During the Cold War, an American lawyer is recruited to defend an arrested Soviet spy in court, and then help the CIA facilitate an exchange of the spy for the Soviet captured American U2 spy plane pilot, Francis Gary Powers.
In the cold war, a lawyer, James B. Donovan is recruited by the CIA and involved in an intense negotiation mission to release and exchange a CIA U-2 spy-plane pilot, Francis G. Powers. The pilot was arrested alive after his plane was shot down by the Soviet Union during a mission and stays in the company of a KGB intelligence officer, Rudolf Abel, who was arrested for espionage in the US.Written by
The man on television reporting on the Powers / Able exchange was Pierre Salinger. Salinger was the press secretary for President John F. Kennedy and was later the campaign manager for Robert F. Kennedy's bid for the presidency. Following this he served for a short time as a U.S. Senator from California and then spent the rest of his career as a journalist for the ABC television network. See more »
Several pieces of Wedgewood china are seen in a cabinet in Dulles' office. The pattern is "Columbia Sage Green & Gold", which was not made until 1966. See more »
We are engaged in a war. This war does not for the moment involve men at arms; it involves information. You will be collecting information. You will be gathering intelligence about the enemy. The intelligence you gather could give us the upper hand in a full thermonuclear exchange with the Soviet Union, or it could prevent one. For public purposes, as far as your wife or mother or sweetheart or the good lord above, your mission does not exist. if it does not exist, you do not exist. You cannot ...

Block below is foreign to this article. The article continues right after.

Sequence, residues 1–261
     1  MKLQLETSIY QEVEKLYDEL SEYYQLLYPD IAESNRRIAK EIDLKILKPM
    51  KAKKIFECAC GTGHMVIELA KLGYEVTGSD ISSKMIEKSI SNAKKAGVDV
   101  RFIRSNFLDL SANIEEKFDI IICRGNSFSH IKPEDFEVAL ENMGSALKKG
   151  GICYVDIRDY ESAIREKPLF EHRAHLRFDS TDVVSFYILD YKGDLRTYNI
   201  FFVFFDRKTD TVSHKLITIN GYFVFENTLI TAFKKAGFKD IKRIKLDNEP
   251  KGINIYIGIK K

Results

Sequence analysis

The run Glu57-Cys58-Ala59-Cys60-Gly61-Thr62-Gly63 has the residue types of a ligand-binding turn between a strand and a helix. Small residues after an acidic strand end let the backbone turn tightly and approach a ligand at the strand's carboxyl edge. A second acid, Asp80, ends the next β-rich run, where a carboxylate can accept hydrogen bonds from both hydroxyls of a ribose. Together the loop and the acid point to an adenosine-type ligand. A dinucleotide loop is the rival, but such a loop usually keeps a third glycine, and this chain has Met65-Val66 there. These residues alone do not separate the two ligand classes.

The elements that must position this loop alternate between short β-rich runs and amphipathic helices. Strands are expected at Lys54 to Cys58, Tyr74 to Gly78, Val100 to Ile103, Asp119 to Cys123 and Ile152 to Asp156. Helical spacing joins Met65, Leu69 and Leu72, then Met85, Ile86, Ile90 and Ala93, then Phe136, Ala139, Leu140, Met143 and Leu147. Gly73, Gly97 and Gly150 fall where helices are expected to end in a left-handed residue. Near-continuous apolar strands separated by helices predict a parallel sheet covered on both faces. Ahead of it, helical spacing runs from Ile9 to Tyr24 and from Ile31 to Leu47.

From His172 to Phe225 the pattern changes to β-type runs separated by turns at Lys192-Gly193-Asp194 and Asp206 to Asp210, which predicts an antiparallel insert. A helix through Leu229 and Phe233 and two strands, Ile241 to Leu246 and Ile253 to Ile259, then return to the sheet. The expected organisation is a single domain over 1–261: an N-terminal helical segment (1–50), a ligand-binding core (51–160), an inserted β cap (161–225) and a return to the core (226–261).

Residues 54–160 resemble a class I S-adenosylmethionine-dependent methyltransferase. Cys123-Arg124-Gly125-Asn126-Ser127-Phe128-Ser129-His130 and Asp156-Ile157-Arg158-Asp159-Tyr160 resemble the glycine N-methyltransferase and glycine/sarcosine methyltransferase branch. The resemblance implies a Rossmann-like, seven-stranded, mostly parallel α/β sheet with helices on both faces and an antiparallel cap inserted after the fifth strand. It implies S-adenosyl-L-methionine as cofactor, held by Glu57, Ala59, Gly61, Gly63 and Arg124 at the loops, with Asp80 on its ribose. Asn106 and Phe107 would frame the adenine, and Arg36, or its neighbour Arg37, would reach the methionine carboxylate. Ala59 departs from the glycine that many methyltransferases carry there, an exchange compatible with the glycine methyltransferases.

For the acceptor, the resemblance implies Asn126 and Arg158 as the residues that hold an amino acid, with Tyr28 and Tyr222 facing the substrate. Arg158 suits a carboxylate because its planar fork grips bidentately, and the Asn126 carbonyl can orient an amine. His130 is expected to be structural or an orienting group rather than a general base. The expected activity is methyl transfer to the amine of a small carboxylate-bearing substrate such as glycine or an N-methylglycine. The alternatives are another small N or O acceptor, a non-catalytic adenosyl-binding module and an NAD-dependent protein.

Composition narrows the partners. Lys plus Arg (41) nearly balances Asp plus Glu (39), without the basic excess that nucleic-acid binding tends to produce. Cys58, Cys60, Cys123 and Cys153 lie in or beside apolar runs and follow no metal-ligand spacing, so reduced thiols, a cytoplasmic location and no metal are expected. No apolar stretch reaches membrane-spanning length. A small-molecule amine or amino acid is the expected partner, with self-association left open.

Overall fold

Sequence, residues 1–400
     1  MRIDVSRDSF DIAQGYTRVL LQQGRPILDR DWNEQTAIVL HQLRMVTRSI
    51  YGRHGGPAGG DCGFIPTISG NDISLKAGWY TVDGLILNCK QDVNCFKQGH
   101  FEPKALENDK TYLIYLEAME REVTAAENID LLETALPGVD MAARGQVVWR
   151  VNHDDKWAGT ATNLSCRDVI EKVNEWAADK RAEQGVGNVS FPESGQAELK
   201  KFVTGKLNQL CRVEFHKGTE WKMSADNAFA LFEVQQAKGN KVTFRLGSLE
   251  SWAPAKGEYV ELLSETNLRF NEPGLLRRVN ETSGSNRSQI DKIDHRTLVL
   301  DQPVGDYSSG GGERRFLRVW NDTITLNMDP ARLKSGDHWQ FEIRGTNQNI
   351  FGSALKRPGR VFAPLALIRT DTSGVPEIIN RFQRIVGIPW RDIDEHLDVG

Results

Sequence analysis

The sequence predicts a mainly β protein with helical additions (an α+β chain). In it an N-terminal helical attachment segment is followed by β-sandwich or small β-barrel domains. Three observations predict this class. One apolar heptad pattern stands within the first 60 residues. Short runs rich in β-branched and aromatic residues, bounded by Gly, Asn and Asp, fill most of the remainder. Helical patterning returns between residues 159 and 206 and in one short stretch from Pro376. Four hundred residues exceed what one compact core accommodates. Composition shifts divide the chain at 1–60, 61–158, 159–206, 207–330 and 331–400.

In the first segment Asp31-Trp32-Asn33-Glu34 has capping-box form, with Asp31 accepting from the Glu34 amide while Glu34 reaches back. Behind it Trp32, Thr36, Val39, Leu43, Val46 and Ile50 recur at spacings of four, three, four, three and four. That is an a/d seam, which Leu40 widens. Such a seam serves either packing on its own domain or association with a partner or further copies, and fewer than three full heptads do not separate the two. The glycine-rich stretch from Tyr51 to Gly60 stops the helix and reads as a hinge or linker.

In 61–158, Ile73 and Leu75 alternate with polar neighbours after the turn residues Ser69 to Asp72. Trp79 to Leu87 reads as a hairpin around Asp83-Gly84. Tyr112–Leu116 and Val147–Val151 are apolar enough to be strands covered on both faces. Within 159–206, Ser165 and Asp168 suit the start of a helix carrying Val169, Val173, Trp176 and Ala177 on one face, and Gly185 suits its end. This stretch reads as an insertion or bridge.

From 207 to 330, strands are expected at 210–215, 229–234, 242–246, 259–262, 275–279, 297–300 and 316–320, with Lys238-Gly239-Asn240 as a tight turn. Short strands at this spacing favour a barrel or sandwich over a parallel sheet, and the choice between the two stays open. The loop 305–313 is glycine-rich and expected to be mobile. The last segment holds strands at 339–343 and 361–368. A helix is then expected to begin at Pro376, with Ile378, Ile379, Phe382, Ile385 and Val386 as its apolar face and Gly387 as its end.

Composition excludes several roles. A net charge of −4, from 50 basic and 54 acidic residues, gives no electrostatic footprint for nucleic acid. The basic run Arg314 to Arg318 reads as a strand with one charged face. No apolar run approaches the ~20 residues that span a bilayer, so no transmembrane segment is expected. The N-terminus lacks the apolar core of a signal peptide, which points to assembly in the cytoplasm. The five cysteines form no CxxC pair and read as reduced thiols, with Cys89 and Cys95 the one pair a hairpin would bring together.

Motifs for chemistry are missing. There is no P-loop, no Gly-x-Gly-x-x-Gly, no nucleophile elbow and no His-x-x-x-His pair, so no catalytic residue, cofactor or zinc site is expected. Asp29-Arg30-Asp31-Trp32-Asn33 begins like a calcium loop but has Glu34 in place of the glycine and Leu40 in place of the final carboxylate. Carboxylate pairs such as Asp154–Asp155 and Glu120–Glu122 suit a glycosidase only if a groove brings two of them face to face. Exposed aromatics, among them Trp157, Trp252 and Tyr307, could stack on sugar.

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Spielberg and Hanks--fry to find a better duo than that for a great film.
"Everyone deserves a defense. Everyone matters." James B. Donovan (Tom Hanks)
In Bridge of Spies, Steven Spielberg once again masterfully goes to the historical drama with a righteous man's theme (think Schindler and Lincoln for starters). This time lawyer James B. Donovan is asked to defend an accused Soviet spy, Rudolf Able (Mark Rylance, superb), in order to show the world the American justice system is democratic.
The story is "inspired by true events" with the outline of the exchange of Able for U-2 downed pilot Gary Powers historically accurate. As usual, Spielberg recreates the times with the atmosphere, cars, and film noir aspect of a spy thriller in the figurative and literal Cold War. He said, "I always wanted to tell the stories that really interested me in my personal life—which are stories about things that actually happened."
Hanks is central to Spielberg's vision of the lone hero defying the odds and supporting the highest ideals of the American Constitution and the individually virtuous man. Never does Hanks overplay the good-guy card; he's just very adept at playing an everyman not always right but always righteous.
The dialogue is crisp, a no fooling around typical of Spielberg and Hanks but a charming bad guy as well: James Donovan: "Aren't you worried?" Rudolf Abel: "Would it help?" As producer Kristie Macosko Krieger commented about Spielberg, "He's got a childlike sense of wonder. He never gets tired of hearing stories . . . . " Bridge of Spies is vintage Spielberg with a Lincoln-like atmosphere, righteous hero, and intriguing multi-plot, an entertaining spy story brimming with humanity.
As the director says, "This is more about very smart people in conversation with each other, and the sword of Damocles hanging over their heads is that, if they make the wrong decisions, it's the end of the world."
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